There is a natural trajectory for cultural phenomenon like "rehab". You have the clever parodies, then the novellas, perhaps a film or a short film, then a mainstream short film or film about a celebrity using "rehab" as an image cleanser. It keeps going until you then get the fictional retelling of the same "rehab" themed stories but with a slight twist – like those total rip offs of Harry Potter; the children’s books about a school boy Wizard named …oh, I don’t know Barry Totter or something.
The end of the first wave of the cultural narrative is the infrequently arrived at contemporary, atonal opera about “rehab” written by a sensationalist and ambitious young composer who bases the libretto on the actual Page Six transcripts.
Then, skip 40 years.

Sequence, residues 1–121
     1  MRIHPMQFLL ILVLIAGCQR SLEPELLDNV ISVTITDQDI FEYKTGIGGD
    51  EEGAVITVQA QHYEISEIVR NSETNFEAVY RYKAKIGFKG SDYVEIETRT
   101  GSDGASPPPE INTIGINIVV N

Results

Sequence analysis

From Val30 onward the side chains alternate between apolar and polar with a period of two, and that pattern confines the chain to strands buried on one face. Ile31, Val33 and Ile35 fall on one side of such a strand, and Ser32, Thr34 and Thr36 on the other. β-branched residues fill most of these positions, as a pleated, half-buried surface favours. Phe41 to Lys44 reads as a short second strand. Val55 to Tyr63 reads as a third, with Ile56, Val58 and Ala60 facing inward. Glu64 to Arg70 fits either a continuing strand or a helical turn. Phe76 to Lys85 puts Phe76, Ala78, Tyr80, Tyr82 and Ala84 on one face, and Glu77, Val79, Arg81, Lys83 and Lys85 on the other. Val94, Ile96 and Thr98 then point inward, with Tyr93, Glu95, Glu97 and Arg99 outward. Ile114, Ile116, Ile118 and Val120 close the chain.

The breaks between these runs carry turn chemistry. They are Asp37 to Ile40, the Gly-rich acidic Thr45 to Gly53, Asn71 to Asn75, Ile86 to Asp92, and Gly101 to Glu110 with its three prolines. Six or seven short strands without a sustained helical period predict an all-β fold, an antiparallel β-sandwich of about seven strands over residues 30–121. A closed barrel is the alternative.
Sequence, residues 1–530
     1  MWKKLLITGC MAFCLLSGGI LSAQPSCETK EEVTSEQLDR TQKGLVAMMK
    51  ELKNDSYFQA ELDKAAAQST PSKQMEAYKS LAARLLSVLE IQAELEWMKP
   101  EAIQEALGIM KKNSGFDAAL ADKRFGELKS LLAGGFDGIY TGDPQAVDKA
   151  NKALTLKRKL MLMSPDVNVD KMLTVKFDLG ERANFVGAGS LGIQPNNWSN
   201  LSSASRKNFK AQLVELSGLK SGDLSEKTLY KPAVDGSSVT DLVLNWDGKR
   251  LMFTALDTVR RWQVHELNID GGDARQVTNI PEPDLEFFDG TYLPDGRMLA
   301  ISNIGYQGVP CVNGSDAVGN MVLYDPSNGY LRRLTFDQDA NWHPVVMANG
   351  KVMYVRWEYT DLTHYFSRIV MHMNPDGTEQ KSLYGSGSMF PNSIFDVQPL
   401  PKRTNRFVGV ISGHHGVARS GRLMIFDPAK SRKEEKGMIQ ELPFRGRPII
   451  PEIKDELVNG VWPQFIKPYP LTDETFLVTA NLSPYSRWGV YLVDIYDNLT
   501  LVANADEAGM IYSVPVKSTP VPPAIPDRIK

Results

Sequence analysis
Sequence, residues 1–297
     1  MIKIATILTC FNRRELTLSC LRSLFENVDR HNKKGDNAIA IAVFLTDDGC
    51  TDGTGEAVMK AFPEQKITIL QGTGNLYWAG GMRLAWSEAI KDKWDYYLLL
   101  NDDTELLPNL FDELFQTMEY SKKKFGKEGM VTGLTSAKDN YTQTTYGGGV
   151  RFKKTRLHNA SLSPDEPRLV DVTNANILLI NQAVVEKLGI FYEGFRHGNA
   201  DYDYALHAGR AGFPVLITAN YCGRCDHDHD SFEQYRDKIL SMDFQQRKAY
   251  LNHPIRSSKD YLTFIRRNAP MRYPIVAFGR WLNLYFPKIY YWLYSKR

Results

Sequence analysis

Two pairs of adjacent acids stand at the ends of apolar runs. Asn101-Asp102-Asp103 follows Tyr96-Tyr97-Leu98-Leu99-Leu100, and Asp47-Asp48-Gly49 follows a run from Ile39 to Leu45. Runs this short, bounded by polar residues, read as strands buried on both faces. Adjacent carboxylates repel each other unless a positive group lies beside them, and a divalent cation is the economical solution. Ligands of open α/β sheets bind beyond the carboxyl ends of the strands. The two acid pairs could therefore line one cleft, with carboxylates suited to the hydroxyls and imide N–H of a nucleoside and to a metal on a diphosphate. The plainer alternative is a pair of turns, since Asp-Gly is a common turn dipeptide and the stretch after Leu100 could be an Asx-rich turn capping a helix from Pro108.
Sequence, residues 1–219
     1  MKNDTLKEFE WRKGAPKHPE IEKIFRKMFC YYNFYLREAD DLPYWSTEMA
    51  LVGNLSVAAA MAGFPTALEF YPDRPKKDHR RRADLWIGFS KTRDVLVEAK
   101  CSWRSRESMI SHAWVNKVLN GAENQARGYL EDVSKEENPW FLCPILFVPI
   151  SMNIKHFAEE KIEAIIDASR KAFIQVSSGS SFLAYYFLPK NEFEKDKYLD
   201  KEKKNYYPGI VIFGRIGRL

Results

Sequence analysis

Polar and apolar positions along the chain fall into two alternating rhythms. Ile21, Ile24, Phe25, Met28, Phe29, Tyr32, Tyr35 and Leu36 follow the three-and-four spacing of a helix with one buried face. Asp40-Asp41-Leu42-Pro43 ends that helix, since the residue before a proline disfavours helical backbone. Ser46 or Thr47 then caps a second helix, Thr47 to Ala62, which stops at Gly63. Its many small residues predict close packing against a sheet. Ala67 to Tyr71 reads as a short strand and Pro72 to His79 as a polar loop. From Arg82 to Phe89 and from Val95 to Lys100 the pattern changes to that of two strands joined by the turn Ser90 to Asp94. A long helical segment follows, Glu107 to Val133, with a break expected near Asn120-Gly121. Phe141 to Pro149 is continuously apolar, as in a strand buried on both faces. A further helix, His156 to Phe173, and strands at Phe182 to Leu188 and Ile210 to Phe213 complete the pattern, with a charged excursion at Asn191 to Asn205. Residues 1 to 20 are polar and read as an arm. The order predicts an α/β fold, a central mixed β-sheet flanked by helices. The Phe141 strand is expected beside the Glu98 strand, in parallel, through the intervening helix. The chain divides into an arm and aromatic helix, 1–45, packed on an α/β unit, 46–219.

Then, at the start of the second wave, 40 years later you have the historical retrospective on what “rehab” meant in the early 21st Century. Future contemporary artists are influenced by conceptual fragments of the notion of “rehab” in their work and future film makers make clever underlying references to “rehab” that only the really old people in the audience understand.
Then, in some interview show on the future version of 20/20, an actor or musician talks about how their favourite old star Lindsay Lohan used rehab to keep her appeal mainstream. People talk about it at dinner parties and everyone nods and thinks it’s interesting.
Finally, a movie star has been drinking on set and they get in trouble. America starts to hate them and a manager remembers that dinner party he went to a while back where someone talked about how they used to use “rehab” as a way of cleansing an image. He suggests it at a crisis meeting one morning, they all go with it, check the star into "rehab" and the cycle begins again.
So, thank you Jay Z, for taking us to the next god damned level.